Bert Loomis was a visionary. This general session will highlight how Bert Loomis and people like him inspire us to build great things with small inventions. In their general session at 19th Cloud Expo, Harold Hannon, Architect at IBM Bluemix, and Michael O'Neill, Strategic Business Development at Nvidia, discussed the accelerating pace of AI development and how IBM Cloud and NVIDIA are partnering to bring AI capabilities to "every day," on-demand. They also reviewed two "free infrastructure" pr...
Judith Hurwitz is president and CEO of Hurwitz & Associates, a Needham, Mass., research and consulting firm focused on emerging technology, including big data, cognitive computing and governance. She is co-author of the book Cognitive Computing and Big Data Analytics, published in 2015. Her Cloud Expo session, "What Is the Business Imperative for Cognitive Computing?" is scheduled for Wednesday, June 8, at 8:40 a.m. In it, she puts cognitive computing into perspective with its value to the busin...
Cognitive Computing is becoming the foundation for a new generation of solutions that have the potential to transform business. Unlike traditional approaches to building solutions, a cognitive computing approach allows the data to help determine the way applications are designed. This contrasts with conventional software development that begins with defining logic based on the current way a business operates. In her session at 18th Cloud Expo, Judith S. Hurwitz, President and CEO of Hurwitz & ...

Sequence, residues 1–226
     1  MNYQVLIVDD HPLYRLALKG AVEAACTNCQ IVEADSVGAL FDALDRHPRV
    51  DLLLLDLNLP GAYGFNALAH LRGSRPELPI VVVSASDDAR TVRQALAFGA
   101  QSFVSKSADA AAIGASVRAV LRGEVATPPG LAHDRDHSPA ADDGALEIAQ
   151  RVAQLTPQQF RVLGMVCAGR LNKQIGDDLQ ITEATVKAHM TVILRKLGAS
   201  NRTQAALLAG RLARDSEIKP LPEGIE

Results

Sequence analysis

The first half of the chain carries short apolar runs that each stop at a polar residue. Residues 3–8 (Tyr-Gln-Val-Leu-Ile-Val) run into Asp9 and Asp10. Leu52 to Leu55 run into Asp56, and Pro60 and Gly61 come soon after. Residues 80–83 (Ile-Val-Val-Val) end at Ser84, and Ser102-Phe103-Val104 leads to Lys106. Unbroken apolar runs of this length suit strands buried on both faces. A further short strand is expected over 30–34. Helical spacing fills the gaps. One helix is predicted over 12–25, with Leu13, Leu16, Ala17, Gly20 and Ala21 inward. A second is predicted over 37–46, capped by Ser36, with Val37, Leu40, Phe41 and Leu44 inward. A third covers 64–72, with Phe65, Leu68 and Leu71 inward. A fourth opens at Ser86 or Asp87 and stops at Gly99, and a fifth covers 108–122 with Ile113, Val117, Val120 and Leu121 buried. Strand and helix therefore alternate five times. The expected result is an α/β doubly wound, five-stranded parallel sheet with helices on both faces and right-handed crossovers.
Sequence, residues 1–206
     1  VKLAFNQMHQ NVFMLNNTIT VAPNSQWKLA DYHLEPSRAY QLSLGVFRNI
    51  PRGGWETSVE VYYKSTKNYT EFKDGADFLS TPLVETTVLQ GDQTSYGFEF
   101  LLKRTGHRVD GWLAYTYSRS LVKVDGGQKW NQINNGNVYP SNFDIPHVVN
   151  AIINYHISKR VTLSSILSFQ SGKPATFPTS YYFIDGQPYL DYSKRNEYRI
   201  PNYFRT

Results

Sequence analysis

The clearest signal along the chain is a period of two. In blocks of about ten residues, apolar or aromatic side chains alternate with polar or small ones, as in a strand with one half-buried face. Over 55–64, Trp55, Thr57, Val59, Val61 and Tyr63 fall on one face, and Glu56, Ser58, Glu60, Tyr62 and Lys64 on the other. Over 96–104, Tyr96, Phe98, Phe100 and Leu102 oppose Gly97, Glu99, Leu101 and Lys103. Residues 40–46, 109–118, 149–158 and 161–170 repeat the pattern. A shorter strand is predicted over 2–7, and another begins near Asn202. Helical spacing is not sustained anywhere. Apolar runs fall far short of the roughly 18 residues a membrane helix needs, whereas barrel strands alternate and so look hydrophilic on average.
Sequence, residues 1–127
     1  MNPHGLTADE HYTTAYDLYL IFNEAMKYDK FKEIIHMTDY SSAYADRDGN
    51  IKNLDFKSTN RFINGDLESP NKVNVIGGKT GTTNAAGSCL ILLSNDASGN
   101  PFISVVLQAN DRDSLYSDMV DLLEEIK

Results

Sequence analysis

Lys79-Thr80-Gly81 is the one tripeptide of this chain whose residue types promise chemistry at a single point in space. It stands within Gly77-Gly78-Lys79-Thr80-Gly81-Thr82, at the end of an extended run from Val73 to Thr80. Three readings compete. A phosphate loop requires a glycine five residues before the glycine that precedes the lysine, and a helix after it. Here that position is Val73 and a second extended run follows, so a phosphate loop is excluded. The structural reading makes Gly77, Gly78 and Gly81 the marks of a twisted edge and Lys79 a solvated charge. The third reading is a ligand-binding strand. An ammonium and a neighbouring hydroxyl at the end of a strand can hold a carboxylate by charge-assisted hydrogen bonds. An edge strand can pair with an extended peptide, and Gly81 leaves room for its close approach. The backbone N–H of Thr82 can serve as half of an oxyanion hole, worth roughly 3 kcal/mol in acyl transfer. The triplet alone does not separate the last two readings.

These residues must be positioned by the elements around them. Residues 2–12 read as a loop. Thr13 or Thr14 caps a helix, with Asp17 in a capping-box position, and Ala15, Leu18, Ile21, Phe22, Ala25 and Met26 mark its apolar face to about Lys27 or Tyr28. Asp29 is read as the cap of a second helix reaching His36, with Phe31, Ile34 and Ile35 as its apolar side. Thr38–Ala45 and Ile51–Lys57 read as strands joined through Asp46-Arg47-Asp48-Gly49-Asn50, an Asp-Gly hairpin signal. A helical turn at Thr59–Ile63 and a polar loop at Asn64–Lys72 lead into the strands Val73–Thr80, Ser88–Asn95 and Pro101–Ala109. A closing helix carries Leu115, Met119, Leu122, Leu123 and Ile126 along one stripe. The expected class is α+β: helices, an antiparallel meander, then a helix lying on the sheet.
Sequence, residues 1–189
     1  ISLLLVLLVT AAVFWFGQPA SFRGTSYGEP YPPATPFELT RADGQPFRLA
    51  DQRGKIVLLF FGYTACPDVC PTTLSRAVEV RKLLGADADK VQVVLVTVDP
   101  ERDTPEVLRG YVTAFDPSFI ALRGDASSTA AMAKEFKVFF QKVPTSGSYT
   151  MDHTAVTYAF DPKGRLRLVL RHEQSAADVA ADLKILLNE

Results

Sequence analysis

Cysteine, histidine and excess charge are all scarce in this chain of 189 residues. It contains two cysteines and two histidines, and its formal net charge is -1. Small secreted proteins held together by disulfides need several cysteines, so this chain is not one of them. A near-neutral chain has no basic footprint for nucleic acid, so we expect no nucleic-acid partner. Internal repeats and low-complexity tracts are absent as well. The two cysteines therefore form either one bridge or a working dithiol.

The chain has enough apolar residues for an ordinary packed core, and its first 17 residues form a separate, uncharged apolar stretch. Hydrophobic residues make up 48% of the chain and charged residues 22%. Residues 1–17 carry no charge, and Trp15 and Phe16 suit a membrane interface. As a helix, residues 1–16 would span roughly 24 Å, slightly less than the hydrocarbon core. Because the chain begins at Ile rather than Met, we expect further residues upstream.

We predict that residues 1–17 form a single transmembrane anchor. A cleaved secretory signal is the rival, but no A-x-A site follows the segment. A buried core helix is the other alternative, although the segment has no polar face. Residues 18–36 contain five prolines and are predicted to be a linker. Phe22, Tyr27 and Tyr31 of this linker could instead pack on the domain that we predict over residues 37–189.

Financial Technology has become a topic of intense interest throughout the cloud developer and enterprise IT communities. Accordingly, attendees at the upcoming 20th Cloud Expo at the Javits Center in New York, June 6-8, 2017, will find fresh new content in a new track called FinTech.
SYS-CON Events announced today that Interoute, owner-operator of one of Europe's largest networks and a global cloud services platform, has been named “Bronze Sponsor” of SYS-CON's 20th Cloud Expo, which will take place on June 6-8, 2017 at the Javits Center in New York, New York. Interoute is the owner-operator of one of Europe's largest networks and a global cloud services platform which encompasses 12 data centers, 14 virtual data centers and 31 colocation centers, with connections to 195 add...